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Molecular dynamics

Molecular dynamics (MD) is a computer simulation method for studying the physical movements of atoms and molecules.

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Monod-Wyman-Changeux model

In biochemistry, the Monod-Wyman-Changeux model (MWC model, also known as the symmetry model) describes allosteric transitions of proteins made up of identical subunits.

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Morpheein

Morpheeins are proteins that can form two or more different homo-oligomers (morpheein forms), but must come apart and change shape to convert between forms.

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Mycobacterium tuberculosis

Mycobacterium tuberculosis is a species of pathogenic bacteria in the family Mycobacteriaceae and the causative agent of tuberculosis.

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Negative feedback

Negative feedback (or balancing feedback) occurs when some function of the output of a system, process, or mechanism is fed back in a manner that tends to reduce the fluctuations in the output, whether caused by changes in the input or by other disturbances.

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Neurotransmitter

Neurotransmitters are endogenous chemicals that enable neurotransmission.

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Non-covalent interactions

A non-covalent interaction differs from a covalent bond in that it does not involve the sharing of electrons, but rather involves more dispersed variations of electromagnetic interactions between molecules or within a molecule.

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Oxygen

Oxygen is a chemical element with symbol O and atomic number 8.

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Phosphofructokinase

Phosphofructokinase is a kinase enzyme that phosphorylates fructose 6-phosphate in glycolysis.

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Phosphorylation

In chemistry, phosphorylation of a molecule is the attachment of a phosphoryl group.

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Porphobilinogen synthase

Porphobilinogen synthase (or ALA dehydratase, or aminolevulinate dehydratase) synthesizes porphobilinogen through the asymmetric condensation of two molecules of aminolevulinic acid.

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Protein dynamics

Proteins are generally thought to adopt unique structures determined by their amino acid sequences, as outlined by Anfinsen's dogma.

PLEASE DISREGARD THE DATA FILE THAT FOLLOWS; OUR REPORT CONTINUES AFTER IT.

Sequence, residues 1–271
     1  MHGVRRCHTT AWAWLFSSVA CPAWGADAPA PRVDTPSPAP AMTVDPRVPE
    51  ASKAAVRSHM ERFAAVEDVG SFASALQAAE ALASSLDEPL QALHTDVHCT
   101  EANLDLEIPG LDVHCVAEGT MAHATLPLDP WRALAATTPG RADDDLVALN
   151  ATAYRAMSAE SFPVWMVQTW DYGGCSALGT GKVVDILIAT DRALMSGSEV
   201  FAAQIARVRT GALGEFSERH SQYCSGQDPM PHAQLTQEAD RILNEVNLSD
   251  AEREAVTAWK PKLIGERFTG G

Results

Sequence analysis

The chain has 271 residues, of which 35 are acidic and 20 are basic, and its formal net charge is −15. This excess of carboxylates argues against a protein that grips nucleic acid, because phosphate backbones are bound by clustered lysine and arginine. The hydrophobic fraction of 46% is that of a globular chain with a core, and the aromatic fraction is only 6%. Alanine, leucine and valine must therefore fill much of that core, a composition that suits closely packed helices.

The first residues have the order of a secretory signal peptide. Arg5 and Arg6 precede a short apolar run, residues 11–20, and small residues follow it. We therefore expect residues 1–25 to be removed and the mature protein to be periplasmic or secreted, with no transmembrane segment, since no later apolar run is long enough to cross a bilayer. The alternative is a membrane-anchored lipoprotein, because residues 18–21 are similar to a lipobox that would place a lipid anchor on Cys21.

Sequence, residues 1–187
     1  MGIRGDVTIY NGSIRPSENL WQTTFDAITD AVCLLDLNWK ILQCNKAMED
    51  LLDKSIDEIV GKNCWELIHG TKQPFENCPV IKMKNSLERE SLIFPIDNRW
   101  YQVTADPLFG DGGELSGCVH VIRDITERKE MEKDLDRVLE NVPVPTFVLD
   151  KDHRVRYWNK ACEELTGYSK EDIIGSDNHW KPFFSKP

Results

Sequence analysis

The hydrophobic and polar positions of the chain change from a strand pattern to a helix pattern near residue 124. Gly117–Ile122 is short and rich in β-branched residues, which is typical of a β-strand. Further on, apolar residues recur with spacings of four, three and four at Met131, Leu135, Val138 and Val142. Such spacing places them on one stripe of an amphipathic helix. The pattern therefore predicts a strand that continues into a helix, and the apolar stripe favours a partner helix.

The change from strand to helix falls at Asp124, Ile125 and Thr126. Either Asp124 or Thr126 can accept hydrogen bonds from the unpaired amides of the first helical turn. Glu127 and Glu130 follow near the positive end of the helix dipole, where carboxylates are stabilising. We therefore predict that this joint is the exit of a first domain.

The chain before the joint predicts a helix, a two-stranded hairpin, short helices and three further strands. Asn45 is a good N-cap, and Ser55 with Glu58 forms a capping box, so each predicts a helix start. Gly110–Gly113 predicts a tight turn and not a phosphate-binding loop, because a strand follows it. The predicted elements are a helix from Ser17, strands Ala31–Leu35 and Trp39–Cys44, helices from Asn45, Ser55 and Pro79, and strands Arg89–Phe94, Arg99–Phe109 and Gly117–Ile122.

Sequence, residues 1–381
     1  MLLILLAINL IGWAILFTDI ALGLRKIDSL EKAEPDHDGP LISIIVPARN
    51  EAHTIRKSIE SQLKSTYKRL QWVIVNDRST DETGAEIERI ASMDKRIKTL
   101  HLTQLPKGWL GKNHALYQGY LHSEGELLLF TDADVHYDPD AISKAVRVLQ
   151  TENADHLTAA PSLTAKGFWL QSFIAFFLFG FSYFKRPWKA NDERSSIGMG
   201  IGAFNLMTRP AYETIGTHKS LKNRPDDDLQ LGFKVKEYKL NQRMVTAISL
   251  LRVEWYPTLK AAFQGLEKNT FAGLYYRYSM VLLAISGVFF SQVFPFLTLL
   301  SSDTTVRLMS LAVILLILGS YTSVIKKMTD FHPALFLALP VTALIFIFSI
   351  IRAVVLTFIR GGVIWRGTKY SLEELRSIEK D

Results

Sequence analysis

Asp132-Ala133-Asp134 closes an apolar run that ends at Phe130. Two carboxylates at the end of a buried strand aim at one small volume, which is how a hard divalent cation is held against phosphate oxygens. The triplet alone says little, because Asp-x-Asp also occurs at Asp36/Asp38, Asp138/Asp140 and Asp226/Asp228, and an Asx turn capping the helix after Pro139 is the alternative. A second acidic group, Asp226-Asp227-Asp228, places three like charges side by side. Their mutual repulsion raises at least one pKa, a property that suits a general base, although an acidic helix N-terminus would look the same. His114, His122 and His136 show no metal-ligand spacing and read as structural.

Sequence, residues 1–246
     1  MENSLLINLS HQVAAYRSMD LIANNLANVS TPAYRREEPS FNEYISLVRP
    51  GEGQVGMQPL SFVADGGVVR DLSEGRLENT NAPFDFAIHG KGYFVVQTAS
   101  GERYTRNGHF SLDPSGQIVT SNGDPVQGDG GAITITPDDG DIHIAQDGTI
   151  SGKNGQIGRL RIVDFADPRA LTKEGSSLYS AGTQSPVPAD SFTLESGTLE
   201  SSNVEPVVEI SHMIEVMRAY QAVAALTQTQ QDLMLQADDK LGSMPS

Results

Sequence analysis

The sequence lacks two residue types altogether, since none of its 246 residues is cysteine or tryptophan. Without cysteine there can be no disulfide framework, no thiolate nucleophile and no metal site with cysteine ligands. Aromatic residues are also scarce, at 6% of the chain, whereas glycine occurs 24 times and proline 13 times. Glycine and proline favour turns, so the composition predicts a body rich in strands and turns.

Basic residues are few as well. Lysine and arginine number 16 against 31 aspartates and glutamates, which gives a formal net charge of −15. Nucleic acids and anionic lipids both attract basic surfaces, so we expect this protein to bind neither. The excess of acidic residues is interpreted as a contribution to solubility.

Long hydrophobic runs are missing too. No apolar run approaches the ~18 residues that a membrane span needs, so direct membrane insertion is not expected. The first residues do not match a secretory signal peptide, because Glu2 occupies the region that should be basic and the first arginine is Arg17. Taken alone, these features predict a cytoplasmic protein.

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Protein structure

Protein structure is the three-dimensional arrangement of atoms in an amino acid-chain molecule.

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Protein subunit

In structural biology, a protein subunit is a single protein molecule that assembles (or "coassembles") with other protein molecules to form a protein complex.

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Receptor theory

Receptor theory is the application of receptor models to explain drug behavior.

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Royal Society of Chemistry

The Royal Society of Chemistry (RSC) is a learned society (professional association) in the United Kingdom with the goal of "advancing the chemical sciences".

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Sequential model

The sequential model (also known as the KNF model) is a theory that describes cooperativity of protein subunitsKoshland, D.E., Némethy, G. and Filmer, D. (1966) Comparison of experimental binding data and theoretical models in proteins containing subunits.

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Spinal cord

The spinal cord is a long, thin, tubular bundle of nervous tissue and support cells that extends from the medulla oblongata in the brainstem to the lumbar region of the vertebral column.

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Statistical ensemble (mathematical physics)

In mathematical physics, especially as introduced into statistical mechanics and thermodynamics by J. Willard Gibbs in 1902, an ensemble (also statistical ensemble) is an idealization consisting of a large number of virtual copies (sometimes infinitely many) of a system, considered all at once, each of which represents a possible state that the real system might be in.

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Strychnine

Strychnine (also or) is a highly toxic, colorless, bitter, crystalline alkaloid used as a pesticide, particularly for killing small vertebrates such as birds and rodents.

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Substrate (chemistry)

In chemistry, a substrate is typically the chemical species being observed in a chemical reaction, which reacts with a reagent to generate a product.

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Supramolecular chemistry

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Synapse

In the nervous system, a synapse is a structure that permits a neuron (or nerve cell) to pass an electrical or chemical signal to another neuron or to the target efferent cell.

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Synergy

Synergy is the creation of a whole that is greater than the simple sum of its parts.

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2,3-Bisphosphoglyceric acid

2,3-Bisphosphoglyceric acid (conjugate base 2,3-bisphosphoglycerate) (2,3-BPG), also known as 2,3-diphosphoglyceric acid (conjugate base 2,3-diphosphoglycerate) (2,3-DPG), is a three-carbon isomer of the glycolytic intermediate 1,3-bisphosphoglyceric acid (1,3-BPG).

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References

[1] https://en.wikipedia.org/wiki/Allosteric_regulation